The Michigan Supreme Court also engaged in very interesting analysis of administrative and disciplinary suspensions, coming to the conclusion that some suspensions of licenses are based on "purely personal reasons" that do not affect ability of suspended attorney to provide "effective representation of counsel" to clients.
Since attorney licensing exists to protect consumers of legal services from attorneys who cannot provide effective representation of counsel, then, attorneys in Michigan, after this ruling, can practice, risking a criminal conviction for unauthorized practice of law, and claiming that, because of People v Pubrat, Michigan Supreme Court actually annulled the reasons for attorney licensing in the State of Michigan, and suspension for disciplinary or administrative reasons is not the end of story for the attorney, does not preclude the attorney from providing effective assistance of counsel, and thus should not preclude the attorney from practicing at all.
Even though attorney disciplinary proceedings are claimed to be "civil" and "remedial" in nature, seeking to "protect the public" (in order to deny the disciplined attorney a heightened procedural protection that would be required in punitive proceedings), the Michigan Supreme Court, in order to uphold a criminal conviction, undermined that claim and indicated this:
"The suspension of an attorney reflects a decision that the attorney is not permitted to practice law during the period of the suspension, rather than a statement that the attorney is not competent to practice law. There is no necessary correlation between disciplinary action and an attorney's ability to practice law, and we decline to create such a connection as a matter of law."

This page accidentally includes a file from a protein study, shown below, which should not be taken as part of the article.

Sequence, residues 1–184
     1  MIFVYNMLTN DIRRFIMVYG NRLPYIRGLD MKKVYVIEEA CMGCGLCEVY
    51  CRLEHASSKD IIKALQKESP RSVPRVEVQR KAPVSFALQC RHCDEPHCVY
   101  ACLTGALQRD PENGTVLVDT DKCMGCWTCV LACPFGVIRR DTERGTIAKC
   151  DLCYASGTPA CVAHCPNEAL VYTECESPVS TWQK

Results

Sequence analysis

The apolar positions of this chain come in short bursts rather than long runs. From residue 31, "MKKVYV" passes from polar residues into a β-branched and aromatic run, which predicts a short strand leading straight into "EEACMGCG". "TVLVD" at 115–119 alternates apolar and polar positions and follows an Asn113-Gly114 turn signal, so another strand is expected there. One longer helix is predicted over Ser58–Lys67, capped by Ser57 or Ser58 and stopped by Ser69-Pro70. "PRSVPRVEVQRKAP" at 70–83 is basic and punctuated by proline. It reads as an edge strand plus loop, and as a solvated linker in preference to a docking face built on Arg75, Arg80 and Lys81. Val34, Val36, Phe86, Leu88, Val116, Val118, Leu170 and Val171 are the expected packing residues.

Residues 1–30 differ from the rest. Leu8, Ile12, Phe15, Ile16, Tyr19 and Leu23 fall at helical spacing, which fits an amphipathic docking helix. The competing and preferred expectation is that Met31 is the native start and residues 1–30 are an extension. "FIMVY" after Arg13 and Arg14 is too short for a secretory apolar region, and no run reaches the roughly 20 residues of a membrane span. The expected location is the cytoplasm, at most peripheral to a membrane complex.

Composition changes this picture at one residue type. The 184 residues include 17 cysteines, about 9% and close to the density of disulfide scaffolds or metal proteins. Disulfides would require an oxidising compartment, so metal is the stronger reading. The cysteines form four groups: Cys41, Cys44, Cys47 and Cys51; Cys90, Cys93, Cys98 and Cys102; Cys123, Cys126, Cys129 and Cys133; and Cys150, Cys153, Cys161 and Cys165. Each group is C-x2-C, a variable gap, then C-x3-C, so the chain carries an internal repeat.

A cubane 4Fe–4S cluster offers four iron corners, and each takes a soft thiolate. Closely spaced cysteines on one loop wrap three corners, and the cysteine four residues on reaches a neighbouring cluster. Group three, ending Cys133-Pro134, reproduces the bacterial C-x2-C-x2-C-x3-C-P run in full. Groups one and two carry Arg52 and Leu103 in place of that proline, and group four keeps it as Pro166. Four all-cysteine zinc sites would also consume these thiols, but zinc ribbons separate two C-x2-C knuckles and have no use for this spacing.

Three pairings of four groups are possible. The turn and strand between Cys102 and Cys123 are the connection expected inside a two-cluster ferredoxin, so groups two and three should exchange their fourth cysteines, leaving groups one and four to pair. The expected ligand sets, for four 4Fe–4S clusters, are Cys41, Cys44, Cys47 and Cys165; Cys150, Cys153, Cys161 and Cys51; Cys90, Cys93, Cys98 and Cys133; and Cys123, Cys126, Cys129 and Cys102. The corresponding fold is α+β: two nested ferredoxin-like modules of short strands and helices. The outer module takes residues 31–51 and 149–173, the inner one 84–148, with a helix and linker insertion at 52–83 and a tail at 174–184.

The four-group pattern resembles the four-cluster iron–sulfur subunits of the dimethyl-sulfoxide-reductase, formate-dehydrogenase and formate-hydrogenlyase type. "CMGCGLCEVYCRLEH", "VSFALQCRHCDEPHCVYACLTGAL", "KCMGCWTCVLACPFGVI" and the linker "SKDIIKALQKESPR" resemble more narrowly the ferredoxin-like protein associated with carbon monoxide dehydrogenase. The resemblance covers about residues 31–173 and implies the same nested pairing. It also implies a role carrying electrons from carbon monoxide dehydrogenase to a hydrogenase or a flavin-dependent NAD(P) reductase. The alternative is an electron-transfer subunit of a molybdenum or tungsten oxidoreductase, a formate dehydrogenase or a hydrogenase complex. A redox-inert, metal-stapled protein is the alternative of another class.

Isn't it clearly punitive? We do not allow the attorney to practice law, even though the attorney may be competent to practice? And provide valuable services to consumers of legal services, especially in the field of criminal defense, where the "justice gap" is felt the most in this country?
It is notable that there is a very strong one-judge dissent in the Michigan case:
The dissenting judge mentioned that the defense counsel "suspended from the practice of law because of his plea of guilty of the high misdemeanor of attempted conspiracy to manufacture, deliver, or possess marijuana with the intent to deliver or possess marijuana".
The dissenting judge reiterated the principles of effective representation in criminal cases:
"The United States Supreme Court recognizes that representation of criminal defendants consists of basic duties including, but not limited to, a duty of loyalty, a duty to avoid conflicts of interest, a duty to advocate, and a duty to possess the skill and knowledge necessary to "render the trial a reliable adversarial testing process." Id. at 688, 104 S.Ct. at 2065. Effectiveness of representation determinations are made in light of these duties and are guided by the prevailing norms of professional practice. Id. Courts universally acknowledge "that the constitutional guarantee of the right to effective assistance of counsel deserves the utmost protection".
The dissenting judge pointed out exactly why attorney licensing and accompanying attorney discipline are declared to be necessary: